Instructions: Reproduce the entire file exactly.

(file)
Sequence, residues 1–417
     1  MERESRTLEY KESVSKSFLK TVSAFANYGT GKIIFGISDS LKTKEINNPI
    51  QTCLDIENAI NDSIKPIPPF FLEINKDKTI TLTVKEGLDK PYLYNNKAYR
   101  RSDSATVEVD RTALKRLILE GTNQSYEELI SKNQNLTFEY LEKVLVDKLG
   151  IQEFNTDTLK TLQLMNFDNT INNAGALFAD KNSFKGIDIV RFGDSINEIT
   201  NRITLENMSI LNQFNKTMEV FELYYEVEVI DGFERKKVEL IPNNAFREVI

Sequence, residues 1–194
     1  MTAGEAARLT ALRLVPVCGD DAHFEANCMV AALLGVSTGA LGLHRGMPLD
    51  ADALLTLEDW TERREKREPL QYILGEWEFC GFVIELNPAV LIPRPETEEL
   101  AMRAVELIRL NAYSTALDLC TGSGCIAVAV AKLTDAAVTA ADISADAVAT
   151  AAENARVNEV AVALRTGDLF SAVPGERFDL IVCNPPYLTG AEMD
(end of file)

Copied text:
Sequence, residues 1–417
     1  MERESRTLEY KESVSKSFLK TVSAFANYGT GKIIFGISDS LKTKEINNPI
    51  QTCLDIENAI NDSIKPIPPF FLEINKDKTI TLTVKEGLDK PYLYNNKAYR
   101  RSDSATVEVD RTALKRLILE GTNQSYEELI SKNQNLTFEY LEKVLVDKLG
   151  IQEFNTDTLK TLQLMNFDNT INNAGALFAD KNSFKGIDIV RFGDSINEIT
   201  NRITLENMSI LNQFNKTMEV FELYYEVEVI DGFERKKVEL IPNNAFREVI

Sequence, residues 1–194
     1  MTAGEAARLT ALRLVPVCGD DAHFEANCMV AALLGVSTGA LGLHRGMPLD
    51  ADALLTLEDW TERREKREPL QYILGEWEFC GFVIELNPAV LIPRPETEEL
   101  AMRAVELIRL NAYSTALDLC TGSGCIAVAV AKLTDAAVTA ADISADAVAT
   151  AAENARVNEV AVALRTGDLF SAVPGERFDL IVCNPPYLTG AEMD